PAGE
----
Another female checking in, although I consider myself a wanna-be webmaster. And I think all the women here at WebmasterWorld dominate :-) Prash_seo - salud!
You know, it is really cool to see all the females coming out of the closet. ;)
Actually, there are no prejudices when it comes to gender, race, religion, etc. while participating in online communities. There are no predisposed prejudices as we do not know who is on the other end in most instances. This makes for an environment that is free of all that stuff we get to face daily in our offline lives. A good portion of my social life occurs online. I probably need to get a life, huh?
Thx Jenstar & Mona.
Well, Starbucks 4 U, wine 4 me as it is night time here.
I'm a female geek and have been since I was old enough to watch modem lights flicker and wonder about the world beyond the pixels on my screen.
I'm a web developer, a web designer, a former SysOp and former FideoNet member, an early adopter and any other "male dominated" label someone might want to try using (outdoors enthusiast, hiker, backpacker, etc.)
We're out there, we just don't see the point the wearing our low-cut blouses ALL the time when we're trying to get work done. :)
Best team I ever worked on in a Fortune 500 company was all male except for me. The guys were awesome, my boss was awesome, and the women I worked with outside of our team (many of whom were senior IT analysts or project managers) were superb. The only time being the only female on the team ever came up? Some newly hired PhD (a woman with a degree in cognitive psychology of all things) approached me and asked, dumbfounded, "Doesn't it bother you to be the only female on your team?" I smiled and told her, "No, why ever would it? We're all geeks and programmers."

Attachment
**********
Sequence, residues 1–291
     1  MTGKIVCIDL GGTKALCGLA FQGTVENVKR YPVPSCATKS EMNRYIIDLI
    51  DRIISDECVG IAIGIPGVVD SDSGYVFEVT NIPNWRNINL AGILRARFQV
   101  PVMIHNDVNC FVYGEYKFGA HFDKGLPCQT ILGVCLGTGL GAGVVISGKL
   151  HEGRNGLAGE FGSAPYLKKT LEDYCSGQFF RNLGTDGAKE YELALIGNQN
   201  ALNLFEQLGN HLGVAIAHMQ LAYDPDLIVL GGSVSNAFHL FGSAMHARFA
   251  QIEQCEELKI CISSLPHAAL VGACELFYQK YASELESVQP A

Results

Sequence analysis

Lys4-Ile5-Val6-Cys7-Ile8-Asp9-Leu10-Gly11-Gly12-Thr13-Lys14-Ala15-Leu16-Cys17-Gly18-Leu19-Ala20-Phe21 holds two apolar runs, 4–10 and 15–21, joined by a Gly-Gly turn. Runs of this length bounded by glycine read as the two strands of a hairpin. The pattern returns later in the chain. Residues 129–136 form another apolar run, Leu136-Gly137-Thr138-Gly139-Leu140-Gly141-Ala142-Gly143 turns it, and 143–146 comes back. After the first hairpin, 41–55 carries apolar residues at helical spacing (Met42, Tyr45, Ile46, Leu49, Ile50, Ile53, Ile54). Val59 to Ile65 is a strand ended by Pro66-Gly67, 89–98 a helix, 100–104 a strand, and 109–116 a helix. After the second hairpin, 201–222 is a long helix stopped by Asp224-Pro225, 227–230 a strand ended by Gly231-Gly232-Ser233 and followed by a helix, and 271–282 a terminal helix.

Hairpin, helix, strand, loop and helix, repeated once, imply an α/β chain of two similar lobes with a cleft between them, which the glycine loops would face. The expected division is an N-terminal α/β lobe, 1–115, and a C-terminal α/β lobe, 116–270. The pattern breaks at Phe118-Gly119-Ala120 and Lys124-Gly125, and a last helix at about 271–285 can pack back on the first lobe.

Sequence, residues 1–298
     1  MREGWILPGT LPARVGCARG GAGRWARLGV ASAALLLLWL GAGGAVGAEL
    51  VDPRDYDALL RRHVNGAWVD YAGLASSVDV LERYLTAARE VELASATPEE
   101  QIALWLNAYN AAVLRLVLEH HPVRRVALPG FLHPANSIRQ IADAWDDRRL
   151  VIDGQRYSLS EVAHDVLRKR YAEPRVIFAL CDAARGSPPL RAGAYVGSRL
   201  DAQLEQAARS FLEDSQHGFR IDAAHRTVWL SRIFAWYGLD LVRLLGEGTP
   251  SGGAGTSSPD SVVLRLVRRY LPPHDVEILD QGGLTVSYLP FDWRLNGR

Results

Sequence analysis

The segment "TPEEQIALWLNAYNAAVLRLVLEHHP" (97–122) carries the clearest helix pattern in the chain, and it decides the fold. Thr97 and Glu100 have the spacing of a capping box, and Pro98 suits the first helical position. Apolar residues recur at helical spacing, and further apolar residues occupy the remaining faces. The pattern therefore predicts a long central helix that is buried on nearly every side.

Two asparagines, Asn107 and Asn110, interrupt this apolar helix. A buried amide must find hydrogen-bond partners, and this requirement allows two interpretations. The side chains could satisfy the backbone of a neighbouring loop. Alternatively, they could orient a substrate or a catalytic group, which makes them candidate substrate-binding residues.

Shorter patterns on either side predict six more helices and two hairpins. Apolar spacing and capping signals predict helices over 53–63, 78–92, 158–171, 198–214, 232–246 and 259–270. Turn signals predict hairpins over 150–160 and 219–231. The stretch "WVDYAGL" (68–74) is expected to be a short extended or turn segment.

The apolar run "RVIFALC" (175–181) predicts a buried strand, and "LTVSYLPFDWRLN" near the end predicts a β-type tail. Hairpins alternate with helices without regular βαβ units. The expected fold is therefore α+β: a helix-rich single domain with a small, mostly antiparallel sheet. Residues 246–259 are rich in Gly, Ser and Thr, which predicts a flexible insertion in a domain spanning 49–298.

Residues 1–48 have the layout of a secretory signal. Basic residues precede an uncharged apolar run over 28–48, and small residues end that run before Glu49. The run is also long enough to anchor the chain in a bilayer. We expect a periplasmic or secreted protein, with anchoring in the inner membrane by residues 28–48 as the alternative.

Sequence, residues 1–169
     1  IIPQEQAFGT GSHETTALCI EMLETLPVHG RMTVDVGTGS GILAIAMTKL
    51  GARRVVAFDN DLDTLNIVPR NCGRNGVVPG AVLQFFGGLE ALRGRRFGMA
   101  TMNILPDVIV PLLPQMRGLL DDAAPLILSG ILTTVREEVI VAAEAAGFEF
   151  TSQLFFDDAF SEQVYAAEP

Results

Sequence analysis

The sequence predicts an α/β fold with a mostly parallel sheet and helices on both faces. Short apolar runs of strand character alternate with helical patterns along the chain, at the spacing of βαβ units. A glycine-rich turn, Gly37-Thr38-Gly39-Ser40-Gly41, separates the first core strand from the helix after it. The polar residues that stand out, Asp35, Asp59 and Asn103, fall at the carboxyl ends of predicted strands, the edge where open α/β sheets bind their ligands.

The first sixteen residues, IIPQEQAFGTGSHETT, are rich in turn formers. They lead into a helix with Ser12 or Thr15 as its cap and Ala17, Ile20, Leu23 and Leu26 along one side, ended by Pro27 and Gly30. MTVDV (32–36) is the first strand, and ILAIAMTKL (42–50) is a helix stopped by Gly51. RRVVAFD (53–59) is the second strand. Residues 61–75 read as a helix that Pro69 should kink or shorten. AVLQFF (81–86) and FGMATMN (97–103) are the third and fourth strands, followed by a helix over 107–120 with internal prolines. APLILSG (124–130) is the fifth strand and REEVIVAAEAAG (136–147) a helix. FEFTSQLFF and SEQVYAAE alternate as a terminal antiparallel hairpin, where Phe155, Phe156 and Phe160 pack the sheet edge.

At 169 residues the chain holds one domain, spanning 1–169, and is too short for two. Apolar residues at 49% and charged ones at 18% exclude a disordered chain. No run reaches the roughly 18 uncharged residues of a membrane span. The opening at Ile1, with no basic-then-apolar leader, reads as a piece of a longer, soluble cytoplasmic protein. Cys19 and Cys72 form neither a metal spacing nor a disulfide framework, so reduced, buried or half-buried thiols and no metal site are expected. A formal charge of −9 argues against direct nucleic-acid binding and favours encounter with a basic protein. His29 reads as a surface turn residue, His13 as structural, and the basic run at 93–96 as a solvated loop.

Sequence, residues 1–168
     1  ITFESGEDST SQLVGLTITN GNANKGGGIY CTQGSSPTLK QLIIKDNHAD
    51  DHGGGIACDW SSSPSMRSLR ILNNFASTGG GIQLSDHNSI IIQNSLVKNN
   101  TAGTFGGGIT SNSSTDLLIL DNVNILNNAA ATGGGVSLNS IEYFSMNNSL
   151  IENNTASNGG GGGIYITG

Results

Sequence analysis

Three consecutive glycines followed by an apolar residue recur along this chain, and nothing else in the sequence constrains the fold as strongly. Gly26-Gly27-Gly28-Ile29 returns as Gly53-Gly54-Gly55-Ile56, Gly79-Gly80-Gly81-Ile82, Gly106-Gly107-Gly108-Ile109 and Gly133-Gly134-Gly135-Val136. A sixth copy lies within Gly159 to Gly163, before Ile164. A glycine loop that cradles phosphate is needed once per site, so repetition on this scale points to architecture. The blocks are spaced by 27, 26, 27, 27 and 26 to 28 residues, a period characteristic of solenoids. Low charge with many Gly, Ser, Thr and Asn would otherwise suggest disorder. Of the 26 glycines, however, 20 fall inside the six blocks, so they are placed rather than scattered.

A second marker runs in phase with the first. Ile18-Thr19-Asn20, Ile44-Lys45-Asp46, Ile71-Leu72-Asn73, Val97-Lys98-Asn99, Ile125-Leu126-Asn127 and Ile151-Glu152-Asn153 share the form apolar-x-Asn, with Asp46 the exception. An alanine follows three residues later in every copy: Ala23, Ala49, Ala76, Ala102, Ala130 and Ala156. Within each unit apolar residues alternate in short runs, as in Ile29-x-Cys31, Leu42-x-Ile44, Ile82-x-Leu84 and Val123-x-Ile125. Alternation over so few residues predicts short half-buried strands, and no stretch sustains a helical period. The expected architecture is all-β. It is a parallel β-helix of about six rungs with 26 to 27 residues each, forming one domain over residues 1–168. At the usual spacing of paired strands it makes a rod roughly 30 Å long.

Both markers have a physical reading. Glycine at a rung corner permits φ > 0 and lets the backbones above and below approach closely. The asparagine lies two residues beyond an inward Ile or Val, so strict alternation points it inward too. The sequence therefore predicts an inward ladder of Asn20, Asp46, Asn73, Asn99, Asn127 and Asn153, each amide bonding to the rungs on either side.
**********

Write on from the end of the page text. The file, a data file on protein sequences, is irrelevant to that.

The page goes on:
[edited by: Triarii at 7:50 pm (utc) on Dec. 6, 2004]
Another woman out of the closet here! Ooops, I guess my nick gives it away...
Heh - maybe I'll just change my nick to Dominatrix! *laughing* (Hmm. Can't change it here, but there's another forum or so that it would work VERY well for!)
Salud, Prash and all! It's noon-ish here, so I'm into beer....
|Some newly hired PhD (a woman with a degree in cognitive psychology of all things) approached me and asked, dumbfounded, "Doesn't it bother you to be the only female on your team?" I smiled and told her, "No, why ever would it? We're all geeks and programmers." |
Why would a woman working with a group of men be bothered? I would have no problem whatsoever working with a complete crew of woman. I used to work packing cherries in high school. They stuck me on a packline that was all woman. Thirty to one ratio, never complained a bit :)